Swedish election: centre-left coalition leads after all votes counted

Swedish election: centre-left coalition leads after all votes counted
Votes being counted in Malmö on Wednesday. Photo: Johan Nilsson / TT
The centre-left coalition is Sweden's largest bloc by a razor-thin margin after the preliminary election result was revealed on Thursday afternoon.

Just one seat separates the two main blocs in the initial result, with the votes set to be counted again and double checked before the final result is announced on Friday.

By Thursday afternoon, the red-green coalition (including the centre-left Social Democrats, Green Party and Left Party) had 144 seats in total, while the centre-right Alliance (made up of the Moderate Party, Centre Party, Christian Democrats and Liberal Party) had 143. The far-right Sweden Democrats had won 62 seats.

Small adjustments have been made to the results, including one seat which moved between the Centre Party and Sweden Democrats on Wednesday during recounts, after one constituency submitted the wrong result. This reduced the Alliance's total number of seats to 142, but by Thursday the seat was again declared to have been won by the Centre Party.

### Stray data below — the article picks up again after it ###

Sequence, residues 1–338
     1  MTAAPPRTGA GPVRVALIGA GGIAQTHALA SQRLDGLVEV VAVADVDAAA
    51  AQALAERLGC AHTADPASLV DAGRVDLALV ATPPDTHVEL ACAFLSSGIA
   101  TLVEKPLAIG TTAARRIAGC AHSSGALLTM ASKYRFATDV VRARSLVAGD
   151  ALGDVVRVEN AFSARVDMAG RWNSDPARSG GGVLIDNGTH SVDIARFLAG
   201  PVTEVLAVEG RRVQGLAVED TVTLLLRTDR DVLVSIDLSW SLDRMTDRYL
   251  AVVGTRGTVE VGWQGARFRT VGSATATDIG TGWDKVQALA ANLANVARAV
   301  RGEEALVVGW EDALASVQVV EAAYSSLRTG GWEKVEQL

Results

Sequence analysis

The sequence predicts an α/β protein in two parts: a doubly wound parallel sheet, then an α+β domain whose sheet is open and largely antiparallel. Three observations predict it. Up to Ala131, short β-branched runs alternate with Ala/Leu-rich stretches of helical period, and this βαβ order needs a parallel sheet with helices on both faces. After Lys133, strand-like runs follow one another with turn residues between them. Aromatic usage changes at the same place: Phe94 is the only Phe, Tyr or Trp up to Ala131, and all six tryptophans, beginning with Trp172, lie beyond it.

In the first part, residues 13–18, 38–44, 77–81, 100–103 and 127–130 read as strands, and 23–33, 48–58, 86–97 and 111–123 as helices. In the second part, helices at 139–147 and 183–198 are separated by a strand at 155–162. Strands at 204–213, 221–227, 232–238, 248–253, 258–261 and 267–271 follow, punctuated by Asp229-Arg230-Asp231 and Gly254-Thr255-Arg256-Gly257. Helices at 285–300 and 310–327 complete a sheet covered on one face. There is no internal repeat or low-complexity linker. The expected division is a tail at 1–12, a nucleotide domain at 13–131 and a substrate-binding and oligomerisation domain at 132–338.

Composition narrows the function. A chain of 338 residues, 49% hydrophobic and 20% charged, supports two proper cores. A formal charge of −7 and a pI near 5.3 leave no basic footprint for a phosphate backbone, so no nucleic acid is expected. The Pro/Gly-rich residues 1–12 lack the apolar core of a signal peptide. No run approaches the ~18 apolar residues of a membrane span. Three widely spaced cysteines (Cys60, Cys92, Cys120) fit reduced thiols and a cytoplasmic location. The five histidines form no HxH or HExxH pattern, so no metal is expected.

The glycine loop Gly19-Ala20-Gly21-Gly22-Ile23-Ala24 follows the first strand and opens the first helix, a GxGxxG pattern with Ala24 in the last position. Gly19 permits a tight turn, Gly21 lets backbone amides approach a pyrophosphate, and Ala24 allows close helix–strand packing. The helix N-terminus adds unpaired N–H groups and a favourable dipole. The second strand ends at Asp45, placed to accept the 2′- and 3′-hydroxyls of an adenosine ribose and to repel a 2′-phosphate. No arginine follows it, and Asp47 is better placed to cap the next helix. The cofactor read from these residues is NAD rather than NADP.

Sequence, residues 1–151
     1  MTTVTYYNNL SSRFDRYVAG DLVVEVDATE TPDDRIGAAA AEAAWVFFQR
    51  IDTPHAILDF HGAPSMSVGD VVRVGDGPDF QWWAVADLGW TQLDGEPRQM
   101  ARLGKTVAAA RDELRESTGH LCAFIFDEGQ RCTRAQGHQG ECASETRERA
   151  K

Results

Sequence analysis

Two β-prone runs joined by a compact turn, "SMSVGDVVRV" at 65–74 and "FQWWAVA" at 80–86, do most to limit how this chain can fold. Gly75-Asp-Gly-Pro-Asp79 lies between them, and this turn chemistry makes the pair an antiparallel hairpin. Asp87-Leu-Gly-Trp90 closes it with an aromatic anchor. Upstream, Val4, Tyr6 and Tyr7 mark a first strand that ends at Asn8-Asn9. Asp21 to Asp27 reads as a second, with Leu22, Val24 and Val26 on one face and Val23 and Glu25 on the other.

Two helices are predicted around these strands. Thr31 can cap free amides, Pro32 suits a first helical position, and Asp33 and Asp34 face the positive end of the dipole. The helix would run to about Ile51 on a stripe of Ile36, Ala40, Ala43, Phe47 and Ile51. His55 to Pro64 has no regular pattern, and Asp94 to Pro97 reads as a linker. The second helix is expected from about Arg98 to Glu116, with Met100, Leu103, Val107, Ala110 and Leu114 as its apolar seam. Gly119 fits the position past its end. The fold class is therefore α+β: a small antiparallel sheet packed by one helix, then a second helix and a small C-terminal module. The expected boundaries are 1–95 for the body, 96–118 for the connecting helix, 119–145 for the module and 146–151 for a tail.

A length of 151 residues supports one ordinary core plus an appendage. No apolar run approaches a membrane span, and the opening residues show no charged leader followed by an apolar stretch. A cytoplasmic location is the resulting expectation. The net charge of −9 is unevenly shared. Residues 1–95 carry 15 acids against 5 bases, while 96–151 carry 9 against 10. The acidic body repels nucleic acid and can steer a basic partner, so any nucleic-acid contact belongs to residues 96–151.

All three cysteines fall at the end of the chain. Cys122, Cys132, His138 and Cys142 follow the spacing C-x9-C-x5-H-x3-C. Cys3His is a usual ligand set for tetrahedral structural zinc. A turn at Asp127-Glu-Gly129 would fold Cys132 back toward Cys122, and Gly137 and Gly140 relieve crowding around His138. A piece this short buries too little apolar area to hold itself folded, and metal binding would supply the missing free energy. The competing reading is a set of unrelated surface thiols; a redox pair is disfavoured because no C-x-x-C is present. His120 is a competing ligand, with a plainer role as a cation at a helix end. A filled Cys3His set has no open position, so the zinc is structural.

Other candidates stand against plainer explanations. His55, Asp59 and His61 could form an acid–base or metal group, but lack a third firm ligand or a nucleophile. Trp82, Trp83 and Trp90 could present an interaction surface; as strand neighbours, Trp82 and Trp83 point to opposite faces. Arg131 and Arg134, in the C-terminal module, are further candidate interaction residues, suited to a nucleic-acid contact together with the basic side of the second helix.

Though the initial count is over, it is still far from clear what Sweden's next government may look like, with the current government intending to stay in place until parliament opens later in the month but the four-party Alliance saying it plans to seek a mandate to form a government.

“The Alliance is the government alternative which is clearly larger than the Social Democrats and clearly larger than the current government [comprising the Social Democrats and Green Party],” Christian Democrat leader Ebba Busch Thor said at an Alliance press conference on Monday.

However, Prime Minister and Social Democrat leader Stefan Löfven pointed out that the Left Party are now part of the centre-left bloc, saying: “If they [the Alliance parties] adhere to the bloc policy, then it can't be that the smallest bloc will govern, that is completely illogical. How the government will look still needs to be decided by the final election result.”

READ ALSO: Everything you need to know about the Swedish election

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